Is Presenteeism an Indicator of Low-Levels of Psychological Safety?
Working at home partly or fully is now being experienced by very significant numbers in the UK, an increase from 1.7 million to 4 million at the week commencing 20th March 2020.
Many organisations have had to embrace this at pace without necessarily having the opportunity to fully brief those affected, nor were they able to identify the pros and cons of this massive change for both employees, line managers and the organisation.
Initial evidence suggests that working at home can be highly productive because individuals are able to focus, interruptions are more carefully managed, and the individual is able to largely schedule the work in a way that perhaps they previously couldn’t.
However not all like the solitude of working alone at home. Some will miss the informal interactions that occurred around the water cooler, photocopier, break times or impromptu meetings in the corridor. For lots of individuals the informality of these Interactions generated Ideas, fun, humour, and the means to keep going when having a bad day at work.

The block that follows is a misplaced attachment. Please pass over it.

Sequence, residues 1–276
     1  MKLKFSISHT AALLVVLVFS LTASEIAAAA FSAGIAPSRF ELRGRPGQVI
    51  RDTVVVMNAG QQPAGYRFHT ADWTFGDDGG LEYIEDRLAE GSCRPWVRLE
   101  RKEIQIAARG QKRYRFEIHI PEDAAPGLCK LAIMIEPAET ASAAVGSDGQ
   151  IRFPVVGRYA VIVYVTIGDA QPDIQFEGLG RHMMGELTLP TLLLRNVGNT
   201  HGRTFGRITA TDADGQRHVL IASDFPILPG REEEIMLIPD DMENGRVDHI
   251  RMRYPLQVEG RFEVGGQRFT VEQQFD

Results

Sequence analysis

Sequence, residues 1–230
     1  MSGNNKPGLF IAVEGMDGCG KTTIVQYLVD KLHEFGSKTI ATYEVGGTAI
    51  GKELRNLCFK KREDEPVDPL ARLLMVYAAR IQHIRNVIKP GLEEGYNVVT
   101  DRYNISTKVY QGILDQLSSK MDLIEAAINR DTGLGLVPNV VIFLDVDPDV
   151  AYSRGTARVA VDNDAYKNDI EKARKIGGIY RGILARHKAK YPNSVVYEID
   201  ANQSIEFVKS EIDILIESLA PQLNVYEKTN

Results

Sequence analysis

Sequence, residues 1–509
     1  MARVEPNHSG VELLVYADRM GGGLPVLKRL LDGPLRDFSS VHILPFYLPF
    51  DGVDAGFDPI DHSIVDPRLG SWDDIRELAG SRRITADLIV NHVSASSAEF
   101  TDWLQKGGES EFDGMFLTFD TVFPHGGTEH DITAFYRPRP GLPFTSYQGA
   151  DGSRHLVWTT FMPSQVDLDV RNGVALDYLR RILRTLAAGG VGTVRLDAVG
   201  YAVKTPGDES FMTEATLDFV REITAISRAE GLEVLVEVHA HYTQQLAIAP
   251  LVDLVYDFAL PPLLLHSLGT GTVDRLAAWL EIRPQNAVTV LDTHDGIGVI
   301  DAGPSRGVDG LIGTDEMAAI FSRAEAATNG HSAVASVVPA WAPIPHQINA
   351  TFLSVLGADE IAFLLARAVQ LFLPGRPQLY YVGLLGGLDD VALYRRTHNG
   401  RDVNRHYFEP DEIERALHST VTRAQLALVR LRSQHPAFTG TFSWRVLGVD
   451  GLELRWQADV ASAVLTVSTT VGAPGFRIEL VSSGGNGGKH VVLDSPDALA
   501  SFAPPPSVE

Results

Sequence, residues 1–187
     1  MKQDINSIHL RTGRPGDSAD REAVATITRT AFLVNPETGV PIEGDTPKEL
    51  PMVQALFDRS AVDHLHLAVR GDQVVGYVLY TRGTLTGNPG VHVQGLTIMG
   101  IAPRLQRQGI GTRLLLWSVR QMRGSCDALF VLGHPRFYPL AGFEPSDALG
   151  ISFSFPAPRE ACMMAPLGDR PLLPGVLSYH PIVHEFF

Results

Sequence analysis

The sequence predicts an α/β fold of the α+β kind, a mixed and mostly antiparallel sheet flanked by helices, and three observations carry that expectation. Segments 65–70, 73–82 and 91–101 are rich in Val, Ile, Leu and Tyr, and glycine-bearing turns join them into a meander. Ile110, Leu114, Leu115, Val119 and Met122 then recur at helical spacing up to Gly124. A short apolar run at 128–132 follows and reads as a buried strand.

Perhaps the sameness everyday of working at home can lead to days when individuals are not as productive as one would like to be, therefore some individuals may well be present but not operating optimally.
In psychologically safe environments leaders, managers and supervisors have increasingly identified that it is their actions which, can provide the support encouragement and motivation that helps to deal with this challenge.
For example, they have considered how frequently employees need a one-to-one when they do not see colleagues in person, but only on Zoom, Skype, or Teams daily or weekly.
In a virtual, remote world it is increasingly important to schedule phone calls, one-to-ones, catch-ups, and consideration should be given to the shape and content of team meetings.
Whilst there is definitely value in a business focused meeting, there is also value in the informal team meeting, which is simply checking in to see how everyone is, listen to the challenges and highlights of the week, which to some degree can, when carried out collectively and regularly, help individuals to cope. Silence can be dangerous!
In psychologically safe environments, leaders and managers have identified the sort of feedback, frequency of intervention, the type of dialogue and the type of reviews that are valuable to each member of the team. Pre-emptive presentation in the new virtual world is becoming an increasing role for every leader and manager.
If you would like to know more about how to measure psychological safety in your organisation using a validated predictive tool, that is very quick to use and provides advice on what to do please contact Erica on firstname.lastname@example.org or 07939 606121